I don’t normally link to reviews of SH material from here (should I?), but the Molly Gloss story we published earlier this year, “The Grinnell Method“, has picked up two excellent critical responses that deserve to be read on their own merits. Both link to Paul Kincaid’s “Widening Gyre” review at LARB.
First, Maureen Kincaid Speller has a very detailed reading of the story, followed by consideration of its generic identity, on her blog, Paper Knife:
How do we determine whether or not something is science fiction? Is it actually possible to do so any more? Indeed, is it even desirable? We can take a story like ‘The Grinnell Method’ and look at it in a number of different ways. It might be sf because its author has determined that it is and has submitted it to editors under that rubric. Equally, it might be sf because a venue that publishes sf has chosen to publish it as such (this is not quite the same thing as the author submitting it as sf). It might be sf because the reader chooses to tag it as such. Or it is sf because enough people decide that it is and some sort of ad hoc consensus is reached. Equally, it might be read as being something other than sf, and by extension, out of place in the particular venue in which it was published. But if that is so, what is it and how do we decide? And critically, does it even matter?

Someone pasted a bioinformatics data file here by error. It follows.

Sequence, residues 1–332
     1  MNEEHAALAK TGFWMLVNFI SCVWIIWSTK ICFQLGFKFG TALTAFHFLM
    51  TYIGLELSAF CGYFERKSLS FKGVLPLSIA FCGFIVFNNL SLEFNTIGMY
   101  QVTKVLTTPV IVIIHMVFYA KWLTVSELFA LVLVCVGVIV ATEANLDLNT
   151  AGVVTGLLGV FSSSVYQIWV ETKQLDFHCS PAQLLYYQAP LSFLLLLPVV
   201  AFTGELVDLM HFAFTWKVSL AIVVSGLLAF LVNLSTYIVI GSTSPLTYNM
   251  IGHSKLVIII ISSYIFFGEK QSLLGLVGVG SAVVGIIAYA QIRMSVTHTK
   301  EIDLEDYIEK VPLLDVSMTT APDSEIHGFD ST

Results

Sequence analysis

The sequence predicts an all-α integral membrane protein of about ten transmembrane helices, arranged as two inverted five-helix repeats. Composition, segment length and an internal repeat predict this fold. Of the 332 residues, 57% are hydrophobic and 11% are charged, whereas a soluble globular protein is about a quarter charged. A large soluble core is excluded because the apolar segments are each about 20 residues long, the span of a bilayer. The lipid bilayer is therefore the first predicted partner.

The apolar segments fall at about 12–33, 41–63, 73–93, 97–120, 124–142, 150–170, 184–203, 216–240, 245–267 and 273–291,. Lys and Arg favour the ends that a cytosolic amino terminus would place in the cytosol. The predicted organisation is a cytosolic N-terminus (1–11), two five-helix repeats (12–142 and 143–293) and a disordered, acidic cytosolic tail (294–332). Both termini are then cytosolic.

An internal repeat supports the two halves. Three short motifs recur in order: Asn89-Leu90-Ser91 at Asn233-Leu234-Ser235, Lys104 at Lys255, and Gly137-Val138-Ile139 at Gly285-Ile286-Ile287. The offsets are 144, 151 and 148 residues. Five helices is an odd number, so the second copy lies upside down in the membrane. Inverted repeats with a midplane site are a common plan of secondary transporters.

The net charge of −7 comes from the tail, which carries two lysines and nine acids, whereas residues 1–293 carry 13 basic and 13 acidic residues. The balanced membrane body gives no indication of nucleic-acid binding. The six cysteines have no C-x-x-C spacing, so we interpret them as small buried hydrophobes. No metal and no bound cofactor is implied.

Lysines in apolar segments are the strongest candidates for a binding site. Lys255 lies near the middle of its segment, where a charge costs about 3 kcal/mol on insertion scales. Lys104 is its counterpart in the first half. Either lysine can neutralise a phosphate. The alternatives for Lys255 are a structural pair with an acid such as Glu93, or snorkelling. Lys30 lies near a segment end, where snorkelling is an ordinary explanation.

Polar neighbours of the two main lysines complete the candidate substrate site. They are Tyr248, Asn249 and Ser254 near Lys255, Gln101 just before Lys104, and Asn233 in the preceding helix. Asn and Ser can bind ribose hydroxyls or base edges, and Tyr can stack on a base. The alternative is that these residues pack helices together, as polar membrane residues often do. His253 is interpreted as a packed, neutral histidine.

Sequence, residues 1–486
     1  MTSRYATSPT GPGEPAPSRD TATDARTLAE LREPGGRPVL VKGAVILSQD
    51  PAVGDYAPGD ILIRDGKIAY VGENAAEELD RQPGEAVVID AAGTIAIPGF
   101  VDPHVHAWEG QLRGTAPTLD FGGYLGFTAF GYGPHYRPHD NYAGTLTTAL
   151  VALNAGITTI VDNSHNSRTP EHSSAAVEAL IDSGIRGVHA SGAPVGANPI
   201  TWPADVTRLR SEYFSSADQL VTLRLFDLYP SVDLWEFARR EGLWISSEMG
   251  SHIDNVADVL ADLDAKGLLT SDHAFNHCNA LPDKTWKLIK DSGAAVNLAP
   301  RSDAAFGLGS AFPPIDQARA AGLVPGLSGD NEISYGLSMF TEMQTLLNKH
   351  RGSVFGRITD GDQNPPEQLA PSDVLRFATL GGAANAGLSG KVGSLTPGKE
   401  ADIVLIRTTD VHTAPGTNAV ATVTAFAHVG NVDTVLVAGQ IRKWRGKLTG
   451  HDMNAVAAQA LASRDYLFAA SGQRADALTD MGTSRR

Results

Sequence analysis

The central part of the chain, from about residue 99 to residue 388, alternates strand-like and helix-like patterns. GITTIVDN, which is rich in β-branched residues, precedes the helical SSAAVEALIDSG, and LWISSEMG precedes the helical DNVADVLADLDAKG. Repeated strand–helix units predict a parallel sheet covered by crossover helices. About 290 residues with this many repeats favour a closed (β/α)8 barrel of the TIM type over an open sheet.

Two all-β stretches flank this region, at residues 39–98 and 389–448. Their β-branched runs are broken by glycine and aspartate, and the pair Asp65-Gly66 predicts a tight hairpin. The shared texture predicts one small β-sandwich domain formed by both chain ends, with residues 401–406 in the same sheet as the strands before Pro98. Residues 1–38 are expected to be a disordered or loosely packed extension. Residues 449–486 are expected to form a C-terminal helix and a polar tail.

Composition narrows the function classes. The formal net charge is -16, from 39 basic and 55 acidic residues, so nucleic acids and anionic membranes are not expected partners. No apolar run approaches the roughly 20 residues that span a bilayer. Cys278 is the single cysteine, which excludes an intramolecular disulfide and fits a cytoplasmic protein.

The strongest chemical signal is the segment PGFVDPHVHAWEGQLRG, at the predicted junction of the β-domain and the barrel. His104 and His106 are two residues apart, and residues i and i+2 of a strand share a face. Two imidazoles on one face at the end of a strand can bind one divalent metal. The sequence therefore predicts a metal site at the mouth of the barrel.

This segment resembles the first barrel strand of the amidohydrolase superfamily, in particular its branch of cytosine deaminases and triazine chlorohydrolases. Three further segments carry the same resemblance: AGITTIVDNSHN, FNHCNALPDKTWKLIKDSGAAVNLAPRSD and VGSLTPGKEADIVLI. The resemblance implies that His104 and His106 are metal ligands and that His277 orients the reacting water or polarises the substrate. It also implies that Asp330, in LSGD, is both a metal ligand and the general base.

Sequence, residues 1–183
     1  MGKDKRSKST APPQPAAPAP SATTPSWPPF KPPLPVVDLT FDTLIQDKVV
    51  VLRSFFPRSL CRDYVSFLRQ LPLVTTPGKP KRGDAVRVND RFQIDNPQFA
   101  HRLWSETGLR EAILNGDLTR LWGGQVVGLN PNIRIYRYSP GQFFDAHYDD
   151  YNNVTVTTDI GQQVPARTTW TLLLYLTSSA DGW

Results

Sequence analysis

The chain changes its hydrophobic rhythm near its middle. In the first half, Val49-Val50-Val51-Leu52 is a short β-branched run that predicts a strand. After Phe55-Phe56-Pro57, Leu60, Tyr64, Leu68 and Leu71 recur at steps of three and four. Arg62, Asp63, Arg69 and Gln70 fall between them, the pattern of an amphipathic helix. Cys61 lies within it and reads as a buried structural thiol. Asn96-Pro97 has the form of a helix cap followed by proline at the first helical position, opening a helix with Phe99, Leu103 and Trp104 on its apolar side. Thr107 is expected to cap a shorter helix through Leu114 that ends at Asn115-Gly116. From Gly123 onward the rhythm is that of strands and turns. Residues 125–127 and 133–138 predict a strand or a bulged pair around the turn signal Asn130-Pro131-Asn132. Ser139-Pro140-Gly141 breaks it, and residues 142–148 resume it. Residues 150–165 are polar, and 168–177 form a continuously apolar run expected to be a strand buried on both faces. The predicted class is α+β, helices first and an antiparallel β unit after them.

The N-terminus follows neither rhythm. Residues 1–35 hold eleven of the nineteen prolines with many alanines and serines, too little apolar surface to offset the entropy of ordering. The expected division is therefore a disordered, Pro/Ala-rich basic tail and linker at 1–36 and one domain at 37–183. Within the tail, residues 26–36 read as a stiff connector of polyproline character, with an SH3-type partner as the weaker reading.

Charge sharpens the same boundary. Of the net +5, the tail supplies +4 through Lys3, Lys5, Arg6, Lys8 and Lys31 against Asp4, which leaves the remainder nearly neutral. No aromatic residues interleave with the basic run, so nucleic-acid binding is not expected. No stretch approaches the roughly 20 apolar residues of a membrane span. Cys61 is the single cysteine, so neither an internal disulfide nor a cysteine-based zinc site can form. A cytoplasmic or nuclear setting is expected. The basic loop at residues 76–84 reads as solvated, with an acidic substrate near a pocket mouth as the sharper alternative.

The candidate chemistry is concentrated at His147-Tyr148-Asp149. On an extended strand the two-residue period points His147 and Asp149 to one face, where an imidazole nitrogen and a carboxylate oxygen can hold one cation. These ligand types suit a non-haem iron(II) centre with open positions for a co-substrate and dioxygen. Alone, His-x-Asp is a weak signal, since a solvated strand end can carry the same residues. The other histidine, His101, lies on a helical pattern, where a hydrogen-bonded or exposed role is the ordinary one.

Meanwhile at io9, Abigail Nussbaum compares the story to Karen Joy Fowler’s “What I Didn’t See”:
Both stories, as well as Tiptree’s, are underpinned by their heroine’s awareness of the stifling narrowness of the options afforded her in a male-dominated world, and a desire to escape into something inhuman. And both stories are rooted in the unknowable. In the Fowler story, as the title itself suggests, the narrator is absent for the story’s central event, the massacre of apes instigated by her husband, who fears that if the men of the expedition aren’t given an outlet for their rage and frustration, they will turn on the Africans, and of course the mystery of the woman’s disappearance is never solved, just as the nature of the flaw in “The Grinnell Method” is never revealed. Gloss’s story has the distinction of being more science-oriented than either Fowler or Tiptree’s — where the narrator of “What I Didn’t See” is characterized by her lack of sight, Barbara is characterized by her observance — and more overtly fantastic, but the lines of similarity are nevertheless there.